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Michael Martin Murphey
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Michael Martin Murphey

Wildfire lyrics

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Michael Martin Murphey – Wildfire lyrics

She comes down from Yellow Mountain
On a dark, flat land she rides
On a pony she named Wildfire
With a whirlwind by her side
On a cold Nebraska night

Oh, they say she died one winter
When there came a killing frost
And the pony she named Wildfire
Busted down it's stall
In a blizzard she was lost

She ran calling Wildfire [x3]
By the dark of the moon I planted
But there came an early snow
There's been a hoot-owl howling by my window now
For six nights in a row
She's coming for me, I know
And on Wildfire we're both gonna go

We'll be riding Wildfire [x3]

On Wildfire we're gonna ride
Gonna leave sodbustin' behind
Get these hard times right on out of our minds
Riding Wildfire

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  • u
    Ii first heard this moving song with my girlfriend in 1975. I forgot about it for many years then I heard it again one day. It made me cry for those long lost years of youth, and for my one true love nancy. I still miss her and I still love her just like this loving touching song. Thank you michael for writing one of the best loved songs of my life. Long live widfire.
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  • w
    Wayne Eric Chew
    I know exactly what it means right from Mr. Murphey's mouth. He really didn't have a real clue "exactly" what it all meant. He basically had a dream about it one night, something about a ghost horse and Native American legends that his grandfather used to tell him about when he was young, and he awoke thinking about his dream and making it into a song. He was living with his writing partner at the time, Larry Cansler, and they wrote the song. Mr. Murphey also has a Christian background and he believes that it also subconsciously came from the White Horse in the Book of Revelations. In a recent concert Michael also told the audience that Wildfire is symbolic of freedom. Ironically, he said he would never name one of his horses he owned, Wildfire. That changed when he purchased a palamino and the name Wildfire fit the pony perfectly. It is one of the finest modern country/pop composition lyrically and musically ever created.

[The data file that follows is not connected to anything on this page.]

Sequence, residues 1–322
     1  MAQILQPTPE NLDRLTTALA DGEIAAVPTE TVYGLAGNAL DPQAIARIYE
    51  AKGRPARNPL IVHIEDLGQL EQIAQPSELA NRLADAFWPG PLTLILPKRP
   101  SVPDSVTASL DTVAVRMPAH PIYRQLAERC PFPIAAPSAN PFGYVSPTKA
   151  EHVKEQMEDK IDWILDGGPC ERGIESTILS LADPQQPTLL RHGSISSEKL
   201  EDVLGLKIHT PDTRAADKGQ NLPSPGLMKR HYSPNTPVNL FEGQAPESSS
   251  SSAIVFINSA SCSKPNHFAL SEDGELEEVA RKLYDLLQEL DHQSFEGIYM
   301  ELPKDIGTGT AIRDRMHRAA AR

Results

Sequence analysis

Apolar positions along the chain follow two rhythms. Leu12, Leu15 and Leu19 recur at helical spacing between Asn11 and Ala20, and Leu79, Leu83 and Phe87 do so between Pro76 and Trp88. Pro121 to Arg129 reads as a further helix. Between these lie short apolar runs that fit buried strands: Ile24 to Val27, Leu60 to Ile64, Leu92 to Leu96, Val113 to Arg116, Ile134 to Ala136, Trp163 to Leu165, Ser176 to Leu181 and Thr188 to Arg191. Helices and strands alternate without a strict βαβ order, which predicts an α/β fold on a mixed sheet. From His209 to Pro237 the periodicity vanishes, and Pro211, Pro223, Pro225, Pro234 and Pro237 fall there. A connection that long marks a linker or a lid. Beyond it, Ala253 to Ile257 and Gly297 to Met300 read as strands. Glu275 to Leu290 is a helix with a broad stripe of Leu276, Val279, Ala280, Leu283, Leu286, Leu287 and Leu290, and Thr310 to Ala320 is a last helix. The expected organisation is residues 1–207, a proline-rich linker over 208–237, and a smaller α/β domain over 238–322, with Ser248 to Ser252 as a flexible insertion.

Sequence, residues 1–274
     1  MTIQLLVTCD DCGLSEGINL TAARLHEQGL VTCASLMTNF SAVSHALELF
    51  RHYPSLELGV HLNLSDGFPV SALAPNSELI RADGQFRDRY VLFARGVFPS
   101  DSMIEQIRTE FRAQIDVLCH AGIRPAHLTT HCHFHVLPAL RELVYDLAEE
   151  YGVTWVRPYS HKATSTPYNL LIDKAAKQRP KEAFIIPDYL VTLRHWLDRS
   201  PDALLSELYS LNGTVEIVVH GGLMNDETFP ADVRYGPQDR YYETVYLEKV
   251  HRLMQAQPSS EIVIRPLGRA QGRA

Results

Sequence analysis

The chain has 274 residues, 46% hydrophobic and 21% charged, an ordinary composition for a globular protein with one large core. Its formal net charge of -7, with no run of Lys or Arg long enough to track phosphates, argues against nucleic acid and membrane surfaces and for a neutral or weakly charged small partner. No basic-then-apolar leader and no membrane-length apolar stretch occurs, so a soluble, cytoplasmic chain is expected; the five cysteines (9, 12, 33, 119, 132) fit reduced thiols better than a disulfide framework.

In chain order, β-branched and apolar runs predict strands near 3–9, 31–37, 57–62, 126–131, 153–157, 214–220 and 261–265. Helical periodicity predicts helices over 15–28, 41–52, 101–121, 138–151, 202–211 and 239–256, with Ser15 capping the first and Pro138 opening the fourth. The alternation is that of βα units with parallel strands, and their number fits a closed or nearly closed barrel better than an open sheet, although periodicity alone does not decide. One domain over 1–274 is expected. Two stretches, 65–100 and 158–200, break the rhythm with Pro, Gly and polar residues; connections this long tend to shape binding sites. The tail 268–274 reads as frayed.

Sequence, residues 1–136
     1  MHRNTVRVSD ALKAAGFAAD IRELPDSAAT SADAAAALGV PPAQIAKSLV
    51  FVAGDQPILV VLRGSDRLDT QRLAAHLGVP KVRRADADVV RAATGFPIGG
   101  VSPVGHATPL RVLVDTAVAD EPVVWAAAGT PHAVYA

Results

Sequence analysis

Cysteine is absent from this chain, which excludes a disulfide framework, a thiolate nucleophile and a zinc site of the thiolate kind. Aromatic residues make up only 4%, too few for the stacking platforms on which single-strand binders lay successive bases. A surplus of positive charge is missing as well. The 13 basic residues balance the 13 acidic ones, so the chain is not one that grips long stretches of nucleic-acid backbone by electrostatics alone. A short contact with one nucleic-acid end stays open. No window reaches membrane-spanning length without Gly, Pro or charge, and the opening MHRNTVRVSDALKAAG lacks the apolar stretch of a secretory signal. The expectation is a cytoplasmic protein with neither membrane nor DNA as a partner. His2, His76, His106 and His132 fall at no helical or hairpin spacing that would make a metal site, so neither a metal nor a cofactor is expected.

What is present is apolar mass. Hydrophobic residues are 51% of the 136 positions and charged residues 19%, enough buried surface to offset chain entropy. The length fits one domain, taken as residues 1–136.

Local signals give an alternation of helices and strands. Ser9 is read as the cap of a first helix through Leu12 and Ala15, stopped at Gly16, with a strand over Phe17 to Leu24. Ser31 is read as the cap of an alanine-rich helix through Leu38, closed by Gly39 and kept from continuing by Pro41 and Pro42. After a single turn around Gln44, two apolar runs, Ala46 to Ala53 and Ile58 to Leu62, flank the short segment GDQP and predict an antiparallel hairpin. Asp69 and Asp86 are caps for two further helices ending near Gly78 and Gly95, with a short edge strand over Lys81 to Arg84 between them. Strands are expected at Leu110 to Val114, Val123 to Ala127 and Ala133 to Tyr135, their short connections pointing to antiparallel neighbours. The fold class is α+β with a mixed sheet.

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  • u
    This song came to me in a dream 2 months ago. To me, it meant that one of three of my most loved ones was going to die before the spring of this year. I hadn't heard the song in years and woke up with the lines, "oh they say she died one winter, when there came a killin' frost" in my head. The lines haunted me almost daily for weeks. Then my dog became ill and passed, just a few days ago now. After she died, the song persisted in my mind, so I looked it up online, thinking there must be something in the lyrics I needed to read. Turns out it was the songwriter's name instead. My dog's name is murphy. As soon as I saw michael martin murphey, I knew.
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  • u
    A beautiful, melancholy song that is often misinterpreted. There are actually many hints to the song's meaning. "Oh, they say she died one winter" shows that it is a legend. We don't know who "she is," and the narrator of the song (a farmer) doesn't either. "She" dies during a "killing frost," which implies that it was a cold time of the year - perhaps she died of pneumonia. The horse senses that she is gone, breaks from his stall, and dies in a blizzard. The dead girl (now a spirit) runs after her ghost horse, who is dead as well. The hoot owl "howling by my window" is an omen that death (the ghost girl and horse) are coming for him; however, this death is not a bad thing - it removes him from his hard life as a farmer (leaving "sodbustin'" and "hard times") and allows him the freedom and escape for which he longs.
    1 reply
  • j
    It's quite a literal ballad, but some people don't catch that it's told from the point of view of a man whose wife has died. He's lost his wife and a horse in the same storm, has now lost a corn crop, and is prepared for his own death.
    The lines "Gonna leave sodbustin' behind / Get these hard times ... out of our minds" has always struck me in a way that 400 pages of Grapes of Wrath could not.
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